Insider Trading – “Pillow Talk” Cases
Yesterday, the SEC settled one of its leading “pillow talk” insider trading cases, SEC v. Rockledge, Civil Action No. 05-10074 (D. Mass. Filed Jan. 12, 2005). In this case, the SEC’s complaint alleged that Scott M. Rockledge, Chairman and CEO of Cubist told his wife Patricia about negative clinical trial results on a key product. Mr. Rockledge did not know at the time of the conversation that his wife had an agreement with her brother, William Beaver, to provide him with information about the company which might impact his stock. Despite requests by Mr. Rockledge to keep the information confidential, his wife gave a “wink and a nod” to her brother, thus informing him of the negative news. The brother traded the next day, prior to the news announcement by the company. Mr. Beaver thereby avoided a potential loss when the stock price dropped after the company announcement.
After losing a motion to dismiss and unsuccessfully appealing that ruling to the First Circuit, the defendants settled with the SEC. Both defendants consented to the entry of statutory injunctions and orders requiring them to pay disgorgement, prejudgment interest and civil penalties. The SEC’s Litigation Release appears here.
While the settlement ended the litigation for Mrs. Rockledge and her brother, no doubt it has had a substantial impact on the family relationships. Mr. Rockledge, of course, was not prosecuted and undoubtedly gave testimony that at a minimum was not helpful to his wife and her brother. No doubt that many corporate executives talk about confidential information with their spouse at home (despite the fact that most compliance officers would counsel otherwise) at the same time most preserve the confidentiality of the information.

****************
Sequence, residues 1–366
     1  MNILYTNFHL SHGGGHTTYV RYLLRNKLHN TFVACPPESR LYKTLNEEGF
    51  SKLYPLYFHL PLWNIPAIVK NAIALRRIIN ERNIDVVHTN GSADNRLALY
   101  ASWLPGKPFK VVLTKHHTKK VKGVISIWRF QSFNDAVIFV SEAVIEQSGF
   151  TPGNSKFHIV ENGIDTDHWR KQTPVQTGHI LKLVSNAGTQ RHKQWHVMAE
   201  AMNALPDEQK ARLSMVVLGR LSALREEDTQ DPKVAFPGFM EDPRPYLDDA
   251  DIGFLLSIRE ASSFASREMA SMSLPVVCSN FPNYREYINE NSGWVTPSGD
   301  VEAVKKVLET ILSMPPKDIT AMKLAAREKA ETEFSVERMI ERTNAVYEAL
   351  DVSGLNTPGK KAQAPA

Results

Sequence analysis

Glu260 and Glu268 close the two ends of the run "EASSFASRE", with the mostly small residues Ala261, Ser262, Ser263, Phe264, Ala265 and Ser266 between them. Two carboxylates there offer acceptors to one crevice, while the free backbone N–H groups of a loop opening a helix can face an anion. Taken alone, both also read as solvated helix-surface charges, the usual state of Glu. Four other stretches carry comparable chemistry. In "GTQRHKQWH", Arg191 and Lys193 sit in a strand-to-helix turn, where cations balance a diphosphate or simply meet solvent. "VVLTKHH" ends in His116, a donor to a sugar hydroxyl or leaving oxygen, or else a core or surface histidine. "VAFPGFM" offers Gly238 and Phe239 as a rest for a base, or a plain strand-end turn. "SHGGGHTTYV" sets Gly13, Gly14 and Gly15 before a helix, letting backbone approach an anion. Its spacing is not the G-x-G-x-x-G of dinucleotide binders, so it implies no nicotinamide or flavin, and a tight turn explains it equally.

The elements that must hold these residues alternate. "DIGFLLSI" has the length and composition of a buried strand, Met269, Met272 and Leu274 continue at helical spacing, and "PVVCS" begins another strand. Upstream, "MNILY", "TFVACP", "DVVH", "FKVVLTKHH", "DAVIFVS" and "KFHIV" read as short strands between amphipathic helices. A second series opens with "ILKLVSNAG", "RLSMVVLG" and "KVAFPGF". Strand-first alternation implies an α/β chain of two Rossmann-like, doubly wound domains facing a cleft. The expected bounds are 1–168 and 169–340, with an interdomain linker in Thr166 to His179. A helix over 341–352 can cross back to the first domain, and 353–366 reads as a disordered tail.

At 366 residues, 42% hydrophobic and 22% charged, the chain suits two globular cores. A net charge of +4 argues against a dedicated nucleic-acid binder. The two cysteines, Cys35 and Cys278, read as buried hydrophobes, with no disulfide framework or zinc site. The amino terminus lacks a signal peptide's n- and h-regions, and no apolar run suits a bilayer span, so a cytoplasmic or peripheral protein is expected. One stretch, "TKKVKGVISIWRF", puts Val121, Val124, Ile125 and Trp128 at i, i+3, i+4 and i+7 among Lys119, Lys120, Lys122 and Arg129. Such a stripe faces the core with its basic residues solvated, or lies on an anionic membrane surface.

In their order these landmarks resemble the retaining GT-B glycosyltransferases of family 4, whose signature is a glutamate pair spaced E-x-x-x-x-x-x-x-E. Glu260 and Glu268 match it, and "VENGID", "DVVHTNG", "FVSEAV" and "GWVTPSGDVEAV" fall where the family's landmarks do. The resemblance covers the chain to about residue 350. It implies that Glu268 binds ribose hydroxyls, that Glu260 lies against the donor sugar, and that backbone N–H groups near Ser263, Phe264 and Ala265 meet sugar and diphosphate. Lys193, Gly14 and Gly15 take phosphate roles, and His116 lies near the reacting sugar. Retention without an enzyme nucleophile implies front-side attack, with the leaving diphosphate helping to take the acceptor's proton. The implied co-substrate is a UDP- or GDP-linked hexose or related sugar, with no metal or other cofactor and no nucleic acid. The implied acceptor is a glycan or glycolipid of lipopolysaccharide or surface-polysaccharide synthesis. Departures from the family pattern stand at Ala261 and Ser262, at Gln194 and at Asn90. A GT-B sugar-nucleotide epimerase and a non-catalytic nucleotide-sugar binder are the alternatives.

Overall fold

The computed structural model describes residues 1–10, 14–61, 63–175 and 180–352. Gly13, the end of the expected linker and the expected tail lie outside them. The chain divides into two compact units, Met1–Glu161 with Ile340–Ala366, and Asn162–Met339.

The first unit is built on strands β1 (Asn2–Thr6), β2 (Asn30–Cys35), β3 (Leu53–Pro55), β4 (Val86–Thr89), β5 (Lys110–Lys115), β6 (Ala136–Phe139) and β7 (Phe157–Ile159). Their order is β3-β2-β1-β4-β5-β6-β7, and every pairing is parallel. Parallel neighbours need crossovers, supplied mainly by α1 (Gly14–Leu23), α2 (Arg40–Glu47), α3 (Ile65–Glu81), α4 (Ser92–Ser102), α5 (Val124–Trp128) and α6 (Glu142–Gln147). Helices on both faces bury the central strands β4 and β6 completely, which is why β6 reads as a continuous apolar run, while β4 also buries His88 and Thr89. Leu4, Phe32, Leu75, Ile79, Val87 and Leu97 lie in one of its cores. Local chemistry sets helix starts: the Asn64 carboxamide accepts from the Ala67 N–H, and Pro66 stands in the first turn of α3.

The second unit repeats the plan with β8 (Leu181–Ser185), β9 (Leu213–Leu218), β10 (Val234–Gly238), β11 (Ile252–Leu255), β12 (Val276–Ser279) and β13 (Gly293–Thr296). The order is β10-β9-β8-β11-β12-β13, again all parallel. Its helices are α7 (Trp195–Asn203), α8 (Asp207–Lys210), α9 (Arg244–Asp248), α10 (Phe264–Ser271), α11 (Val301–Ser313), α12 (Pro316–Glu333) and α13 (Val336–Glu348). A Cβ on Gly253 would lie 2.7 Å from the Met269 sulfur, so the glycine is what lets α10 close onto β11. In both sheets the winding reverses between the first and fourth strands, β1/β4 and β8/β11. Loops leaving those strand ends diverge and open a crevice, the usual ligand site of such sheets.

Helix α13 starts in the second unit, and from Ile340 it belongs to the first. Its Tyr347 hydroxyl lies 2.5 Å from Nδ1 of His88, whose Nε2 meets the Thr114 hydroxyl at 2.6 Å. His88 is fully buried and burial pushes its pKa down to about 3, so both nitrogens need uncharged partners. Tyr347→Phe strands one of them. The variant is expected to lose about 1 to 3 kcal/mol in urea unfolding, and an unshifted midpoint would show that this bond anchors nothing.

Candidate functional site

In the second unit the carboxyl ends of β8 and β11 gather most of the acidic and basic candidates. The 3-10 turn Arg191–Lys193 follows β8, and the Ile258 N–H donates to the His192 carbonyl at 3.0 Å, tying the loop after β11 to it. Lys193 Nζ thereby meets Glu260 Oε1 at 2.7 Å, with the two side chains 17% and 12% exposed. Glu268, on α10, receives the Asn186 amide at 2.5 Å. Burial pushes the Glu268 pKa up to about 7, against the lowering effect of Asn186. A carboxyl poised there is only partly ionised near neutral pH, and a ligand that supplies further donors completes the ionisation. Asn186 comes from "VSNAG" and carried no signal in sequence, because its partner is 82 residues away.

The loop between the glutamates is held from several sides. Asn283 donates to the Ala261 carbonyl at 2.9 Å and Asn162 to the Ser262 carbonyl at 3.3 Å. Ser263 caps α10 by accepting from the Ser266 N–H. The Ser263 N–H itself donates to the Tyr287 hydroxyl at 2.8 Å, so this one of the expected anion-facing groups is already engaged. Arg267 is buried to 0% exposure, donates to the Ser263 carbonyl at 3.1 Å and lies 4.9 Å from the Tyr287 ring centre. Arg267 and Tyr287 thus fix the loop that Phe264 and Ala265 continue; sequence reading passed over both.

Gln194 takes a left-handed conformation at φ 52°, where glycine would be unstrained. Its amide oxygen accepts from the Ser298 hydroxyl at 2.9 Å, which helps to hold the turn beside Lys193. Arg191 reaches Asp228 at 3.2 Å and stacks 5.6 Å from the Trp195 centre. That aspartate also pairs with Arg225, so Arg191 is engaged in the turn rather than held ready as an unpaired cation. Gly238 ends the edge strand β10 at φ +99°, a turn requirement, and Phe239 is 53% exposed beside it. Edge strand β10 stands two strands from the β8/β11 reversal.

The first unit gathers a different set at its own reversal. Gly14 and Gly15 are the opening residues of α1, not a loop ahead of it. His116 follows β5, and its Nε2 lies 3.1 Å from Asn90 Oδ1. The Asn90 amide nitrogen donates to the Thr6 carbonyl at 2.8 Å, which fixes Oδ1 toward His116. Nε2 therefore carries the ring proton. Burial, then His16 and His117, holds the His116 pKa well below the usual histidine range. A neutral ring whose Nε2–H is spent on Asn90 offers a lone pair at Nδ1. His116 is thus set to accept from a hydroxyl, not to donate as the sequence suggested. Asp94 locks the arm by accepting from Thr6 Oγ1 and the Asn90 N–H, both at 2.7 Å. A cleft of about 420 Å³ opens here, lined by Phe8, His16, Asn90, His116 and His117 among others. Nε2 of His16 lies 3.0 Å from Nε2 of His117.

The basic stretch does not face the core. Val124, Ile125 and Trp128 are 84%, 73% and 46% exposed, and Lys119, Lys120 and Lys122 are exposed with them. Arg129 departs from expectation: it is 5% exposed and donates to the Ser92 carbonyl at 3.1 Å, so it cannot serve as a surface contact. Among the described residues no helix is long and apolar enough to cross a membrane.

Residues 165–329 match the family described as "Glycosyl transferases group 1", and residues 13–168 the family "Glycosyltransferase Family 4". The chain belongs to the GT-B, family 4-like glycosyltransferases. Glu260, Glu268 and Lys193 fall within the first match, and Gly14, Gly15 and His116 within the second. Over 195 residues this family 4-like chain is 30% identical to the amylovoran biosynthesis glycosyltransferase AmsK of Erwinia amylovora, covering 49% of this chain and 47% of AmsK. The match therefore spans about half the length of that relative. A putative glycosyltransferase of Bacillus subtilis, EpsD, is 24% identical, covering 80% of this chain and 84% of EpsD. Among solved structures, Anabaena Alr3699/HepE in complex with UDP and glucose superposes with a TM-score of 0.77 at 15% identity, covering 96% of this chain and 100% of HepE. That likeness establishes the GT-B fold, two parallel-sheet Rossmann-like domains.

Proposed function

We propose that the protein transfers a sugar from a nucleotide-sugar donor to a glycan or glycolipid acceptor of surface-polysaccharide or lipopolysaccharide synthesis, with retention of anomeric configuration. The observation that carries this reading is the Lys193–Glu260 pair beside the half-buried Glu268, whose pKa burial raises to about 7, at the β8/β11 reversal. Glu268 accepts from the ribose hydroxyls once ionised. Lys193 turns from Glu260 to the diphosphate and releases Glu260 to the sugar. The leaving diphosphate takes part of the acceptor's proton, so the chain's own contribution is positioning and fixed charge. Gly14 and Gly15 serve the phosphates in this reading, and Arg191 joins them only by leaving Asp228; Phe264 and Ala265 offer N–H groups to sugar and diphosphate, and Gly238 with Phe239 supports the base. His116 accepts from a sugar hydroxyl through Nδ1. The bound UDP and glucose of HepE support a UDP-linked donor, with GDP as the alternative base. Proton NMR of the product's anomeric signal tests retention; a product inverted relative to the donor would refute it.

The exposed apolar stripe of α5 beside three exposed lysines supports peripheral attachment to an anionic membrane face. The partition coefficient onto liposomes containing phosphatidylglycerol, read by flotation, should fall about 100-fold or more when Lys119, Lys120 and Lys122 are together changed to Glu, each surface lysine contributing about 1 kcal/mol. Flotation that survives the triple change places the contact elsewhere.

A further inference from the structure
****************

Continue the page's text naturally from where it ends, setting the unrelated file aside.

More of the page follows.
At the same time, there seems to be a growing number of “pillow talk” cases. Just this year the SEC has brought two cases alleging that one spouse traded on information furnished by another. SEC v. Melton, Civil Action No. cv 07-2655 GHK (JCX) (C.D. Cal. Filed April 23, 2007); and SEC v. Balkenhol, Civil Action No. C-07-2537 JCS (N.D. Cal. Filed May 14, 2007).
In four other cases brought this year the SEC has alleged that the spouses traded together. SEC v. Daniel Fongnien Chiang, Civil Action No. 1:07CV00285 (D.D.C. Filed February 8, 2007); SEC v. Kan King Wong, Civil Action No. 07 CIV. 3628 (SAS) (S.D.N.Y Filed May 8, 2007); SEC v. Wang, Civil Action No. 07-3715 (S.D. N.Y. Filed May 10, 2007); (and related criminal case, U. S. v. Wang, Case No. 1:07-cr-00730-CM (S.D.N.Y. May 9, 2007)); and SEC v. Shane Bashir Suman and Monie Rahman, Civil Action No. 07-CV 6625 (S.D.N.Y. Filed July 24, 2007).
Finally, in four cases this year the SEC has alleged that various family members traded together on inside information. SEC v. Arrgon Capital Management LLC, Case No. 1:07-cv-00919-FM (S.D.N.Y. Feb. 2, 2007); SEC v. Matthew E. Kopsky, Civil Action No. 4:07-CV-00379 (E.D. Mo. Filed February 26, 2007); SEC v. Terese Dearmin, Civil Action No. 1:07-CV-01089 (D.D.C. Filed June 18, 2007); and SEC v. Joseph A Frohna, Civil Action No. 07-C-0702 (E.D. Wis. Filed August 1, 2007).
Once can only wonder what the impact is on all of these family relations.